Director Jackob Hofmann has kismet to thank for being chosen to put on the Wilton Playshop's upcoming run of "The Effect of Gamma Rays on Man-in-the-Moon Marigolds."
Though he knows most won't believe it, Hofmann was perusing bookshelves at the library for inspiration when it literally jumped out at him. According to his account, "Gamma Rays" fell off the stacks and landed at his feet and, in that instant, he knew it was a good choice.
"It's a play I've seen on resumes as a director and when I read it, it kind of haunted me," Hofmann said Wednesday during a break in the play's first dress rehearsal. "I think it's so well written, so lyrical, very much in the style of Tennessee Williams...it is beguiling and strange, but beautiful and about finding beauty within the chaos."
Though the Pulitzer-winning play was originally written in 1964 by playwright and science teacher Paul Zindel, it is thematically timeless, particularly amid the struggles many are currently facing in a world of ailing economies and lives fragmented by the frenetic pace of technology and the concurrent decline of formal language. Hofmann hopes audiences can appreciate the work's lyricism as he does, but admits that its universality is really what makes it so poignant.
"If you trust the language, the language will inspire you." he said of his directorial approach. "It speaks to different people differently."
To wit: Hofmann had around 30 actresses audition for the work's five roles and each seemed to find and bring varying conceptions of the readings to life; some were melancholic, some were angry, some were deadpan. But Hofmann found his star, Nancy Sinacori, knowing almost immediately that she would be perfect for the character of Beatrice, a down-on-her-luck, manic mother struggling to reconcile her own failed dreams with her two young daughters' blossoming talents.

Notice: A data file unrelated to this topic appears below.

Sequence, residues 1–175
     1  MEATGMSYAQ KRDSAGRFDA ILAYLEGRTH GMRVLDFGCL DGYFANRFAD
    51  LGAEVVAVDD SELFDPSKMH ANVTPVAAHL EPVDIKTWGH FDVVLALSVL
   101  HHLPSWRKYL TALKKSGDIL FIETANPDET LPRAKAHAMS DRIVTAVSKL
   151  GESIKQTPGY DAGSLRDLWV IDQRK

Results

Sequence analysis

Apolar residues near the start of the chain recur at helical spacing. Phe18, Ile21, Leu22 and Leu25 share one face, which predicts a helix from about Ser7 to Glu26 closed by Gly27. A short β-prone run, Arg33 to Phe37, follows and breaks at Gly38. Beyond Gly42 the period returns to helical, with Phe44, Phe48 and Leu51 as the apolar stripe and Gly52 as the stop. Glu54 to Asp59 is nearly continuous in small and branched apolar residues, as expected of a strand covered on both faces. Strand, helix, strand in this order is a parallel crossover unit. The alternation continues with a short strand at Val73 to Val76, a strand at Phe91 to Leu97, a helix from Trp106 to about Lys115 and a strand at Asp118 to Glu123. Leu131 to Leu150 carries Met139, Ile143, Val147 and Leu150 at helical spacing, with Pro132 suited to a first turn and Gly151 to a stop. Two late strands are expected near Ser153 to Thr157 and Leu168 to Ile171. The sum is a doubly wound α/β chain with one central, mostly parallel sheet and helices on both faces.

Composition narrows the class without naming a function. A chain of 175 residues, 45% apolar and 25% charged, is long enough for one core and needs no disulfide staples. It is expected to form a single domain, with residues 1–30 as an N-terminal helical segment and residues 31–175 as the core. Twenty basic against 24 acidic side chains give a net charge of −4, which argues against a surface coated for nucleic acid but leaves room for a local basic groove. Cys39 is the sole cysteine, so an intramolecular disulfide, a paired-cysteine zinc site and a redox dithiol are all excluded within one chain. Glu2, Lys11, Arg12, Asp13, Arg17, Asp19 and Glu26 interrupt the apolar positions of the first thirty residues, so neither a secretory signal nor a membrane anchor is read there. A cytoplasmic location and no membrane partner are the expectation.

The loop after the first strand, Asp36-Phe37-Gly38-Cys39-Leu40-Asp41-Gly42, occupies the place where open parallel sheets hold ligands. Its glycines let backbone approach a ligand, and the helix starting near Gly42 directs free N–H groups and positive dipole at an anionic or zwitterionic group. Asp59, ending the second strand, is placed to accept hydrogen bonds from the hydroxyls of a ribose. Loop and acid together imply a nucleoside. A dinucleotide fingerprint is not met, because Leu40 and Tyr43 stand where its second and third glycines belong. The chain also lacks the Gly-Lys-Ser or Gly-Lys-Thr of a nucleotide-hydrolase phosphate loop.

"My process is that they may do a great monologue but I need to find out if they're directable," he said of the actresses' auditions. "You have to work to their strengths and find someone who can respond to your vision..I ask myself: how can I make the space and the actor work for me instead of trying to make them into something they're not...and I'm getting a lot of what I preconceived and a lot of surprises, and I think that's the best of both worlds."
In Wednesday's rehearsal, Sinacori showed an astounding emotional range, conjuring hilarity, sorrow, resentment, and tenderness seamlessly in her depiction of Beatrice without any of it seeming forced. Her mania, like a star gone supernova, shines brightly on stage, affecting the other characters and the audience alike.
Playshop President Zelie Pforzheimer spoke of Sinacori's performance and the play, at large, thus:
"Nancy is just unbelievably good and she just bring so many nuances to this character...as it is, you are able to understand her. Because she's such a good actress, though you may be tempted to hate her, you can also empathize with her. There are so many powerful moments [in the play] that in the hands of a lesser director or a lesser actor just could not occur."